Jolly Hotels stepped up its hotel acquisition program at the beginning of the 2000s. In the year 2000 alone the company acquired Hotel Tiepolo in Vicenza, the Hotel Pontevecchio in Lecco, the Hotel Machiavelli in Milan, the Hotel Marina in Genoa, and the Hotel Villa Carpegna in Rome.
Jolly Hotels also sought out new acquisitions abroad, focusing this effort on the European market. In 2000, the company acquired Hotel MediaPark in Cologne. Then, in 2001, the company entered the United Kingdom for the first time, with the purchase of London's St. Ermin's hotel, in Westminster, for £57 million. The company added another hotel in 2001, the Hotel Igea, in Breschia, Italy. The company also launched a major refurbishing effort throughout its two hotel chains. The Madison Towers, for example, underwent a $30 million renovation that raised its status to that of four-star hotel at the end of 2003.
MISSION: Jolly Hotels constantly aims for Customer satisfaction and focuses particularly on individual customers in the middle/upper bracket of every sector of the hotel and conference markets in Italy and abroad. It offers a constant, distinct and recognisable service both at chain and individual hotel level, through brand diversification too, giving a perception of excellent quality in its chosen market.
By 2005, Jolly Hotels operated 45 hotels, including 20 properties directly owned by the company, and another 19 operated under long-term management contracts. Jolly Hotels also had begun developing a limited number of franchised properties in the early 2000s. As part of this effort, the company licensed a new franchise, the Jolly Hotel Grande Albergo, in Terme, in 2002. By 2005, the company's operation included six franchised hotels, primarily in the south of Italy and in Sicily. As Italy's leading hotel operator, Jolly Hotels looked forward to further development of its portfolio, both at home and abroad.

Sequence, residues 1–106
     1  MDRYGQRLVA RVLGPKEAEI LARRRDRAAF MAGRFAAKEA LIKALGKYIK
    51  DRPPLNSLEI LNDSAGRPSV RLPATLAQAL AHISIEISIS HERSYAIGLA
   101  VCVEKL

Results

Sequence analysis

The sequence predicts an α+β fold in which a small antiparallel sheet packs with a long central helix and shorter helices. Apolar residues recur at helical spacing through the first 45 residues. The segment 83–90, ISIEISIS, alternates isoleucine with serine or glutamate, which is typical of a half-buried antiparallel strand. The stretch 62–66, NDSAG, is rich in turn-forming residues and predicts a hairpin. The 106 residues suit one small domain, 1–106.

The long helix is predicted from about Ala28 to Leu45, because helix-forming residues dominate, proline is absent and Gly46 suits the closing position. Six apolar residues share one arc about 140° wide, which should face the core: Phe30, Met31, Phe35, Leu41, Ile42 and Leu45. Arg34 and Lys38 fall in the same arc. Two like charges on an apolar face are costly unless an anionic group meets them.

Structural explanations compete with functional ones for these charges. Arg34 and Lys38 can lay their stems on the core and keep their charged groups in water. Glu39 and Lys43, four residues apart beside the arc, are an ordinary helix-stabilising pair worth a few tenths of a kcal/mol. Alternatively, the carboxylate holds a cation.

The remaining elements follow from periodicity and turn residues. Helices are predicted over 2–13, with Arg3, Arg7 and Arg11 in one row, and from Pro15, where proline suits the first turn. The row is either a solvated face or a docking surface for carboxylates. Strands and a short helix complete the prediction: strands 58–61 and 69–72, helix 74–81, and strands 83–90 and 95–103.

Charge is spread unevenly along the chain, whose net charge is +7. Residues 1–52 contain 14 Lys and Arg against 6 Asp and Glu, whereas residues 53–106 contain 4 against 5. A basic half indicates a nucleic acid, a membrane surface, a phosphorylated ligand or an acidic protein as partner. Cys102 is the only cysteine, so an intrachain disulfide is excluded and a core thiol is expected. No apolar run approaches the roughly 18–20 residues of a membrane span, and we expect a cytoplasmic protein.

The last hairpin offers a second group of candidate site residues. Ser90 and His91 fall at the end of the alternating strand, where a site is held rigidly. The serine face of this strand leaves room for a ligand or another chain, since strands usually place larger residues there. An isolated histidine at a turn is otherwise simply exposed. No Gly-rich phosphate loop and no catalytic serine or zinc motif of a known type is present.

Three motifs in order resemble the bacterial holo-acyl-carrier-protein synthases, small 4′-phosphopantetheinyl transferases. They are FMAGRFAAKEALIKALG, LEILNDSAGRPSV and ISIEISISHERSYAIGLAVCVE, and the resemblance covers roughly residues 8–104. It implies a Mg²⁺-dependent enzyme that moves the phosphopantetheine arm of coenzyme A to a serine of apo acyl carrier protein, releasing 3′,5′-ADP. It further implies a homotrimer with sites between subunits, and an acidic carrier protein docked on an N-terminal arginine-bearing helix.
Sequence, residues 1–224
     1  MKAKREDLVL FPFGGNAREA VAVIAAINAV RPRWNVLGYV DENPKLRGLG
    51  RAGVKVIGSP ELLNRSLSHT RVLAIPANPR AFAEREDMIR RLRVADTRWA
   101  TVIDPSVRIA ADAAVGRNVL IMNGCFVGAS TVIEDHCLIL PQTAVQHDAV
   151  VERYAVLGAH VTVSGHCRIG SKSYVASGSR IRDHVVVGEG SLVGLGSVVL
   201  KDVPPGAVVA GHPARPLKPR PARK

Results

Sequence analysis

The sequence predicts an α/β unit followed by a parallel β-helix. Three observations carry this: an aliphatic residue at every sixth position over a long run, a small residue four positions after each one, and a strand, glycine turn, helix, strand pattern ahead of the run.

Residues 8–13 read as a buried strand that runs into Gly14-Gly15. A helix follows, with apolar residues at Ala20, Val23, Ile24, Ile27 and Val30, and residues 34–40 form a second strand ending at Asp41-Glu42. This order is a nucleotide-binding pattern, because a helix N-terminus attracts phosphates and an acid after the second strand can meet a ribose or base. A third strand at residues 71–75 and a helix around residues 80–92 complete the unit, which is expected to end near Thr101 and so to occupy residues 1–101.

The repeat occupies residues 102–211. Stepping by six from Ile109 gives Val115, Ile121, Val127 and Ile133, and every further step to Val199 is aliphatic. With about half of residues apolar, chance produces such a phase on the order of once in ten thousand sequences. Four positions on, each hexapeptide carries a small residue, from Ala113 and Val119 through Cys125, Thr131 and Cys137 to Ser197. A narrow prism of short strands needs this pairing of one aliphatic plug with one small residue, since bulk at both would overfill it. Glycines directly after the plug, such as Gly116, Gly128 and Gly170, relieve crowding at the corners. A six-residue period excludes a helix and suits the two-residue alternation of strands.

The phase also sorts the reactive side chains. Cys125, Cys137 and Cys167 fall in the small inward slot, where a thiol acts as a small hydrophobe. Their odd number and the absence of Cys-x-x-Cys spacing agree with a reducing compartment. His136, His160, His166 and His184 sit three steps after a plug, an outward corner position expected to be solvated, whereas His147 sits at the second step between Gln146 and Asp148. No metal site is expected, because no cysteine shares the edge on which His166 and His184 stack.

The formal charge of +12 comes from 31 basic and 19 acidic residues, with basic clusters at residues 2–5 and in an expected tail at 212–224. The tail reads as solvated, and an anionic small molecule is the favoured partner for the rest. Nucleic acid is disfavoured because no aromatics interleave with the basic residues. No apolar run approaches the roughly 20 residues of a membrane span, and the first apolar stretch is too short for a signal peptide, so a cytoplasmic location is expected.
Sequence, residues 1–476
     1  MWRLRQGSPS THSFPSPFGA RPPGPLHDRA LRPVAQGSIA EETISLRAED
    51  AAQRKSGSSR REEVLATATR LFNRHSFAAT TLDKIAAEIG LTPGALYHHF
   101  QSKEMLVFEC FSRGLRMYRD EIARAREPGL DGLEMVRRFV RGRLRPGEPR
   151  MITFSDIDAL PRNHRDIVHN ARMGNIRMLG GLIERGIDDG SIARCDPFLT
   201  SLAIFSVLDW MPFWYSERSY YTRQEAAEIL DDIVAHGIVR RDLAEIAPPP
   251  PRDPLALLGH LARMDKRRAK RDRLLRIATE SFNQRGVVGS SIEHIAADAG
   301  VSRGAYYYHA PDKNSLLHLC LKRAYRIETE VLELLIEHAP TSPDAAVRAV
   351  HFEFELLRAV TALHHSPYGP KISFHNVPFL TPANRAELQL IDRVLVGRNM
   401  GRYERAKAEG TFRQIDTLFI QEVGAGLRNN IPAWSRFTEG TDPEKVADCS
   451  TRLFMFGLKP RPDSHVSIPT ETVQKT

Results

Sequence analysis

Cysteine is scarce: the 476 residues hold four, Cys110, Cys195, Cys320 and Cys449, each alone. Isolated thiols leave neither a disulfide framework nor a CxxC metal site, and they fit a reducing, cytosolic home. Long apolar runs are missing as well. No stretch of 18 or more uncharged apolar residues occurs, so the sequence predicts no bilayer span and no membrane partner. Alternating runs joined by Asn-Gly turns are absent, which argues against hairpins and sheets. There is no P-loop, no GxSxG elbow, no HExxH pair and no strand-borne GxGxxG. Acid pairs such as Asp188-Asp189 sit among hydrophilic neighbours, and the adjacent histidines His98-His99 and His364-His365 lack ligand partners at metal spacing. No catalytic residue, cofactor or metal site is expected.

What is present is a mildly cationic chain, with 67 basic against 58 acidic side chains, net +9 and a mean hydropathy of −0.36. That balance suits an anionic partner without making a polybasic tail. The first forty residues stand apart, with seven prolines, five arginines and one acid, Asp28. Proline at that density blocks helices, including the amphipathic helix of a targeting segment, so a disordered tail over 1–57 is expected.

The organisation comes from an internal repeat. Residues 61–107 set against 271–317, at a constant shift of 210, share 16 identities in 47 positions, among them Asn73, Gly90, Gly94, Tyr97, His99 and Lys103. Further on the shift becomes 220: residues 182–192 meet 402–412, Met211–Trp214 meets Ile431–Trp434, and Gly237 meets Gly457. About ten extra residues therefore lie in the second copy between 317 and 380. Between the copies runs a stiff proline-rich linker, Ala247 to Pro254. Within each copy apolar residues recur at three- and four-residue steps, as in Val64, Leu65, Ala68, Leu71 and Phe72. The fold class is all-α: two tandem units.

Jolly Hotels Belgio S.A.; Jolly Hotels France S.A.; Jolly Hotels Holland N.V.; Jolly Hotels Italia S.p.A.; Jolly Hotels St. Ermin's B.V.; Jolly Hotels UK Ltd.; Jolly Hotels USA Inc.; Jolly Hotels USA Management Inc.
Loews Corporation; Radisson Hotels and Resorts; Hilton Group PLC; MARITIM Hotelgesellschaft GmbH; Marriott International Inc.; ACCOR S.A.; Sol Meliá S.A.; CIGA S.p.A.; Société du Louvre S.A.; NH Hotels B.V.; De Vere Group; Jarvis Hotels PLC.
Hubbard, Mary Beth, "Jolly Hotels," Business Traveler, May 2004, p. 16.
"Jolly Property Brings a Little Tuscany to New York," Travel Weekly, March 8, 2004, p. 91.
"Jolly Seeks More Business Clients," Travel Trade Gazette UK & Ireland, March 5, 2001, p. 33.
Milligan, Michael, "Jolly Hotel Madison Is Revamped: Chain's Only US Property Gets $30m Face-Lift to Raise It to Four-Star Level," Travel Weekly, December 29, 2003, p. 18.
"Spain's NH Hoteles Takes 19% Stake in Jolly," European Report, June 23, 1999.
—M. L. Cohen